Healthy Living

Omega 3 and its Role in Lupus

Omega 3 and its Role in Lupus

All autoimmune diseases, including lupus, are multifactorial, there is no single cause of these diseases. In lupus,your immune system attacks the normal body cells for no apparent reason, and very little is known about the triggers of the disease. Lupus is more common in females of child bearing age, this shows the female hormone as one of the risk factors, together with genetics and various environmental factors.

Among environmental factors, that affects almost every aspect of well-being is diet. A balanced diet rich in certain nutrients can surely prevent various ailments and lupus is no exception.

Though our body is huge and complex chemical factory, able to produce most of the compounds required by it, however, it is not always the case. There are things that it either cannot produce at all, or the process is highly inefficient, and thus these substances have to come from food, and omega-3 is one such fatty acid. These types of substances are often called essential. There are many natural sources of omega-3, like fish, vegetable oils, walnuts, flaxseed oil and leafy vegetables(1). But, still there is a growing evidence that western diet is not rich enough in omega-3 fatty acid, and thus making our body prone to various ailments. Some scientific think tanks contemplate that humans have evolved on the diet that was traditionally rich in omega-3, thus modern diet is giving rise to the various inflammatory processes in our body (2).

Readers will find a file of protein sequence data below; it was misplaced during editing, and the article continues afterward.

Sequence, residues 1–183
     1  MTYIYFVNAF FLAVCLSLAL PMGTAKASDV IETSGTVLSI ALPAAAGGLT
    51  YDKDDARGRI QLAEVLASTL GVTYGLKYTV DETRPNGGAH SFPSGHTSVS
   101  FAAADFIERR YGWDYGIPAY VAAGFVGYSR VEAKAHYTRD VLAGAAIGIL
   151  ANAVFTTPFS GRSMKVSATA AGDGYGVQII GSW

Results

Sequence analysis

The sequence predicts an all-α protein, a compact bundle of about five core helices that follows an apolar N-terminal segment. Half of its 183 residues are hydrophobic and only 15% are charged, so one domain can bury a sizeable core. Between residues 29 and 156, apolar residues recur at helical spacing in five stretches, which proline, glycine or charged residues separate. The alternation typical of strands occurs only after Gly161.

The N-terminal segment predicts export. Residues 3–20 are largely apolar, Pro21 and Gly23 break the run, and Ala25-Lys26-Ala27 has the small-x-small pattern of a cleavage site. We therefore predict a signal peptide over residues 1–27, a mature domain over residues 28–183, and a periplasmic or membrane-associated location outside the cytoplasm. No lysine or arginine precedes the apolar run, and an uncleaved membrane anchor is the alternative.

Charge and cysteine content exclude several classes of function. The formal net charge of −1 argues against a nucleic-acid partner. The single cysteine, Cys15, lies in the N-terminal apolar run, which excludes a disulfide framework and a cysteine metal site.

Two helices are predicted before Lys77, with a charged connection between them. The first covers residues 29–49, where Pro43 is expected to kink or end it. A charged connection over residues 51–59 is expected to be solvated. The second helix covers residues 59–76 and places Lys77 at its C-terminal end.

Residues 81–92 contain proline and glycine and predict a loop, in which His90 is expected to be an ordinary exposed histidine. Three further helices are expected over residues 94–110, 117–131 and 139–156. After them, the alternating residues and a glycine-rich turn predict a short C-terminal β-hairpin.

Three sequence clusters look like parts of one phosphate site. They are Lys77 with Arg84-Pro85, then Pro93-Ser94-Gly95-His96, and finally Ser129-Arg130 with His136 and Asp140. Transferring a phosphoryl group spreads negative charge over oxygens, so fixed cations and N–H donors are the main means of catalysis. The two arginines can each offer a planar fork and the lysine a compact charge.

Omega-3 fact sheet

Omega-3 fatty acids are polyunsaturated lipids. There are three main kinds of omega-3s:

  • docosahexaenoic acid (DHA) and Eicosapentaenoic acid (EPA), their main source is fish or fish oil, that is why sometimes they are also stated as marine omega-3s.
  • Alpha-linolenic acid (ALA), is the most common source of omega-3 in the western diet and is mainly found in vegetable oils, some kind of nuts, and animal fats. Our body has very limited ability to converts the ALA to DHA or EPA. That is the reason that diet poor in seafood is often deficient in DHA and EPA.

In the US, some consumption of some food products rich is omega-3 has been on rising, like soybean oil, and poultry products, but there has not been much rise in the use of fatty fish or in fact there has been a decline in its consumption(3).

Omega health benefits

Omega fatty acids are an indispensable part of cell walls, and they are precursors to many hormones.  The deficit of omega-3 has been shown to be related to higher incidences of cardiovascular diseases, and lower mental performance. They have long been recommended for improving cardiovascular and mental health. Now the evidence is mounting in favor of their supplementation in various inflammatory and autoimmune disorders.

Omega-3 in autoimmune disorders and lupus

There are several clinical studies and trials demonstrating the benefits of omega-3 supplementation in the autoimmune and inflammatory diseases. They have been demonstrated to be highly beneficial in lupus erythematosus, Crohn’s disease, ulcerative colitis, multiple sclerosis, and psoriasis. Many of these studies revealed significant benefit, including a decrease in disease activity, flares, and lessened use of anti-inflammatory therapy(4,5).